Is there anything worse than having to leave your cat or dog behind when you travel? Some of us experience separation-anxiety. And when you come home, you may have to endure either a cold shoulder or even more subversive, passive-aggressive behavior as your pet lets you know that they did not appreciate being separated from you or their home.
With services such as Pets Can Stay™, more and more people are catching on to the benefits of traveling with their pets and it is becoming easier to do. The next question is how to make travel as safe and happy as possible for all involved. Program members & leaders with St. John Ambulance’s Therapy Dog Program have some tips that may help you along your way.St. John Ambulance’s Therapy Dog Program provides regular weekly
volunteer visits to people in long-term care facilities who can no longer enjoy the company of a pet. To make the program safe and effective, all canine members must pass a standardized evaluation and monitored visitation to ensure that they have the appropriate temperament, socialization and behavioural control for visitation. The program also mandates that all canine members receive regular veterinarian certifications of good health and full immunization, and owners must keep their dogs well groomed and clean for all visits.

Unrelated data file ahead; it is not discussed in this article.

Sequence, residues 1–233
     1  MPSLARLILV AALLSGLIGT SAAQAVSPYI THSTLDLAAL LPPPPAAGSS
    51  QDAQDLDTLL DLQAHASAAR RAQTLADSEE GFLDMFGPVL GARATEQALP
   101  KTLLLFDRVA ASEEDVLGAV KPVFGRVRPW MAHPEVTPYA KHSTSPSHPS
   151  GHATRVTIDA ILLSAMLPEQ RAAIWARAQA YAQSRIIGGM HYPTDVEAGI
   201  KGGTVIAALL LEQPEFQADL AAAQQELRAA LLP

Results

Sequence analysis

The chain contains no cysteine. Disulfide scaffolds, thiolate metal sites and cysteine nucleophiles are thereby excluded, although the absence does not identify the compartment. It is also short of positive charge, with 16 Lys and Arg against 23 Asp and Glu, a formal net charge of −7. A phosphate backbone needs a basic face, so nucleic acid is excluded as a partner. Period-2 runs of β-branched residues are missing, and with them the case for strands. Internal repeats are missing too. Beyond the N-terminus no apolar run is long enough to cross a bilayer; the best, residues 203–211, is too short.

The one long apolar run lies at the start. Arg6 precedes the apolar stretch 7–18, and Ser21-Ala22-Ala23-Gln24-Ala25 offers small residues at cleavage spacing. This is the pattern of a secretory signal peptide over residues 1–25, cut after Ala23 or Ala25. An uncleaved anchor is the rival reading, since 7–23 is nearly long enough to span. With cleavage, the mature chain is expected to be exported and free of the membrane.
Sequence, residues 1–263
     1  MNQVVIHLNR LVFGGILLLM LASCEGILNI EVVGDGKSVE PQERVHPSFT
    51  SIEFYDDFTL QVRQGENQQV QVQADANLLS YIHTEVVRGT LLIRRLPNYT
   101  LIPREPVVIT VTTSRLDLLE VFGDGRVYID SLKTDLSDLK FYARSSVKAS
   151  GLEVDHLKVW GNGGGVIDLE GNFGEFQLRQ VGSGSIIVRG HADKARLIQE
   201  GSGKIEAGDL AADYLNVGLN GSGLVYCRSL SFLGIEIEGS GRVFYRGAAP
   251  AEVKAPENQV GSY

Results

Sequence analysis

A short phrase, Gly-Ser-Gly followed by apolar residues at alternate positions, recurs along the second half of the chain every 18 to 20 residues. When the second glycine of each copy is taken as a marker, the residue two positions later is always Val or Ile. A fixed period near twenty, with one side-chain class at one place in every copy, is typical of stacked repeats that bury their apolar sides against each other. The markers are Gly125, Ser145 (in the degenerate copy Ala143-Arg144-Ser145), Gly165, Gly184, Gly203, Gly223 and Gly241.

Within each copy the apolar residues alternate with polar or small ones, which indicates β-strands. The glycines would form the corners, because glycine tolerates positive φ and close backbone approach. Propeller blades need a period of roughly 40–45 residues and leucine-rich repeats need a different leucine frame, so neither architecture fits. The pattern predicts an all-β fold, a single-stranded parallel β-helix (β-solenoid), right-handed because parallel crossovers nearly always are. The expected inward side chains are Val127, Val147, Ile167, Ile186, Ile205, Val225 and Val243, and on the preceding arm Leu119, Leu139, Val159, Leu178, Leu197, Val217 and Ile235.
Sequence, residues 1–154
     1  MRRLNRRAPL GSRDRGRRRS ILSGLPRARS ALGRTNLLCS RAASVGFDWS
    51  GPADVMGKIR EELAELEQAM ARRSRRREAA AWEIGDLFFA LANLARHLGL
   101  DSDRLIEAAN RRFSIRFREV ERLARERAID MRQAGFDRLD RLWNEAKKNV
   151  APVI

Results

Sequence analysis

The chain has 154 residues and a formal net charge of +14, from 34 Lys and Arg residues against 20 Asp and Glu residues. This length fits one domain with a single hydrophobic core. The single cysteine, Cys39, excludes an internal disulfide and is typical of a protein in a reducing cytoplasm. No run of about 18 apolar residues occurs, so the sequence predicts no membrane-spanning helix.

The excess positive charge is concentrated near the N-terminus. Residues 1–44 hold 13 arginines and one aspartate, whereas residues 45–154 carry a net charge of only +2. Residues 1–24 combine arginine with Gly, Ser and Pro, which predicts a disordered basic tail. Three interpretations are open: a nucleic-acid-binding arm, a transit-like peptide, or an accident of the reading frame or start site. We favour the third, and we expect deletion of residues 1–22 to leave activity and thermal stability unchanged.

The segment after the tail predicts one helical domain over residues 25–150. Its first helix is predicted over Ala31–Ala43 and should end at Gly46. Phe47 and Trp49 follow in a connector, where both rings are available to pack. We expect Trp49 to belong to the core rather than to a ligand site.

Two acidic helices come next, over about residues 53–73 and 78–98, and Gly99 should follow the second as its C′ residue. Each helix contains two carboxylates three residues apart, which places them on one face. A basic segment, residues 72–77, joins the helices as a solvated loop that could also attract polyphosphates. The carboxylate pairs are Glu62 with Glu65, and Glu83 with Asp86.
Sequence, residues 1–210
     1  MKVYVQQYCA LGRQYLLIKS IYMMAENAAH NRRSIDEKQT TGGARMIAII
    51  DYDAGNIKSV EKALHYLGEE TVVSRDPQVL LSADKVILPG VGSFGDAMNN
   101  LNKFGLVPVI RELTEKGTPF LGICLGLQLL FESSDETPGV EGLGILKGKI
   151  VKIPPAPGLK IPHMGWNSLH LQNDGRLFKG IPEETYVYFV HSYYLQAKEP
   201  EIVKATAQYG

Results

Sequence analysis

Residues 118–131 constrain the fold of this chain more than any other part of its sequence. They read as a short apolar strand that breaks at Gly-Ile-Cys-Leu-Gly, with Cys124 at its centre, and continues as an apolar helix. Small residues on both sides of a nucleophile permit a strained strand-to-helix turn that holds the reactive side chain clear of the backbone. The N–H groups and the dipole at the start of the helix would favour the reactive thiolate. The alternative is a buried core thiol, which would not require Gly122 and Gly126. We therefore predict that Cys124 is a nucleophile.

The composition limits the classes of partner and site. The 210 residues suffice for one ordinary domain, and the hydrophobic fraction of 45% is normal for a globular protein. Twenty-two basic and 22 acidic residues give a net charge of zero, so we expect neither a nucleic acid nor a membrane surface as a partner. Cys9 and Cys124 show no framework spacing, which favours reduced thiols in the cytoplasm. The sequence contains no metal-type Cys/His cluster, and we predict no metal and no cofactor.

“Begin with some of the considerations we use in our program”, says Dave Hamblin, Manager of Community Services, Federal District.
When preparing for travel, ensure that their shots are up-to-date and that they are healthy and well-groomed. Health problems can really disrupt a vacation, and good grooming will make them more welcome wherever they travel.
If your pet is…well…a little less than an angel, it doesn’t mean that you can’t travel together. It just means that you have to take their temperament and behaviour into consideration when you plan – no matter how difficult it is for us to admit to their shortcomings. For example, if your dog is nervous around children, you may not wish to stay at a hotel or beach-line inn that caters to families with children. It will be stressful for both your dog and you.
We all know that exercise helps to relax our dogs, so be sure to make strategic use of it during travel. “Our volunteers leave plenty of time to give their dog if they feel they need a walk to relax their dog. Then the dog is more attentive and calm when they visit”, says Hamblin.
Spend some time with your pet as they get accustomed to a new setting – your company and reassurance will help a lot. “Bring along their favourite toys or blanket and try to maintain some of their regular rituals, like their play or the timing of their walks,” recommends Hamblin. These strategies will help them to adjust and be content, and your travels together will be enjoyable.
With services like Pets Can Stay and St. John Ambulance’s Therapy Dog Program, our pet friends are able to travel and visit more than ever before. It’s our responsibility to do a little extra planning to make our travels safe and happy.